Moving between overwhelming sights and the simple trance of having multiple Björks serenading me on the beach, Vulnicura VR must surely be one of the most emotional uses of virtual reality to date.
"There were people crying in Australia when using the headset," James remembers as he looks back to when Björk Digital went Down Under. "Some people were screaming and dancing and trying to grab Björk. Everyone has different reactions each time."
This didn't surprise the artist as such; as he tells me later by email, the approach in the project often considered the emotion first before anything else.
"For this sort of content and the subject matter of the album, it was important to get that side of it right. We made certain tweaks along the way that helped to heighten whatever feeling or emotion we were trying to convey for that particular song, whether it be joy, sadness, claustrophobia or euphoria.
"For example, Björk spent some time resizing and scaling the dimensions of the digital cave within Black Lake, purposefully making it quite uncomfortably narrow. And at the end of Notget she was clear that it had to be euphoric and explosive, a triumph of love over death, so we had the avatar expand and grow and burst into bright blinding lights."
The effects were achieved with constant feedback and tweaking in the editing phase, a diligence that applied just as importantly to the audio aspect of the experience.
"Björk really made sure that the sound in this is as amazing as it can be in VR. We basically had to invent new ways of mastering and mixing audio for VR because I believe the stems are usually normally unmastered, and then you master them together.
"Normally in a game engine you put the stems in and the engine does it in real-time, but that would fuck with all the balances and mastering that Björk had done on the album.
"So, Mandy Parnell, the mastering engineer, and Martin Korth, spent months and months with her in Iceland, where the solution was essentially mastering all the stems in some amazing 360° way. This meant when they’re mixed real-time in the engine, it’s all already mastered whilst still allowing for a real-time audio experience."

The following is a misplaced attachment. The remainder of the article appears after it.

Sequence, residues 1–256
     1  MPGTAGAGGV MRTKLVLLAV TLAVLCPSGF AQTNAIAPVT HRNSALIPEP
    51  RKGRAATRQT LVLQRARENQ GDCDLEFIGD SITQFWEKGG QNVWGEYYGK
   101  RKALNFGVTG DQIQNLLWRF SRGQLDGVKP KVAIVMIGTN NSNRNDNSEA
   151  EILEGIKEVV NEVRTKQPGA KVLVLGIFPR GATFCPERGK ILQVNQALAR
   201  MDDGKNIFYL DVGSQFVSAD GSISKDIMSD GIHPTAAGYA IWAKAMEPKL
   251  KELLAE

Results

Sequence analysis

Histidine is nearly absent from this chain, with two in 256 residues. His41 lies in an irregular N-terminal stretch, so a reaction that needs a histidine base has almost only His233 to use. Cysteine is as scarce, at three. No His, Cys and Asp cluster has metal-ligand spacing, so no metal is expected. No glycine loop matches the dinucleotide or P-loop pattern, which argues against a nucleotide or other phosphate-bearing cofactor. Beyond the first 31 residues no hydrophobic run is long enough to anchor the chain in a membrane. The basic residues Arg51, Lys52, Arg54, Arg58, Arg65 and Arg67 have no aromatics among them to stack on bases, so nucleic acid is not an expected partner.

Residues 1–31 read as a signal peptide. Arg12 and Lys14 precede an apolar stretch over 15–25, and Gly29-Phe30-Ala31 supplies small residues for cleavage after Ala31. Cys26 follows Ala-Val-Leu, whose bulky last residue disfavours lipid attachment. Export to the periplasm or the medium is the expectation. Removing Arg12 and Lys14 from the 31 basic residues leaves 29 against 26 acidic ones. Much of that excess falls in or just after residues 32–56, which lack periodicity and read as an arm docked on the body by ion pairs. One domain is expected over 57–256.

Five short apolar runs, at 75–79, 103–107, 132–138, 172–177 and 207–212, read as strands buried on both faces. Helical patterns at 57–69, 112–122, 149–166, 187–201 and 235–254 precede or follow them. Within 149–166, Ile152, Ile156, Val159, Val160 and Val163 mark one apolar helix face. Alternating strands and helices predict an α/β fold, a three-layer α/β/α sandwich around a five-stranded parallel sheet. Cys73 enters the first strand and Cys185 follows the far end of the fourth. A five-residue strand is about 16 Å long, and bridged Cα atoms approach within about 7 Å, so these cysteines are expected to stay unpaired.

While James admits he's not too much of an expert in the audio side of things, he's convinced that sound is as essential to vision when it comes to VR.
"Normally in two dimensions we’re told what to look at by an editor or a director, if you look at it from a cinematic sense. But in VR I think sound is the editor. It’s like, 'Hey, look over here. Okay, look behind you now.'
"I believe the more stuff that’s done in VR, that kind of interactive sound design is going to be more important."
This audio emphasis will extend to all things VR, not just those with a musical basis like Vulnicura VR, an immersion borne out of both an LP and series of music videos, the latter format of which James says is the perfect medium for virtual reality.
"Even for me, I can’t spend that long with VR before it bothers me. That's why I think a music video is the perfect medium for VR: a really high-definition, three to four-minute packet where you can enter another world and be surrounded by it, knowing that at the end of it you can just take everything off and you're done with it."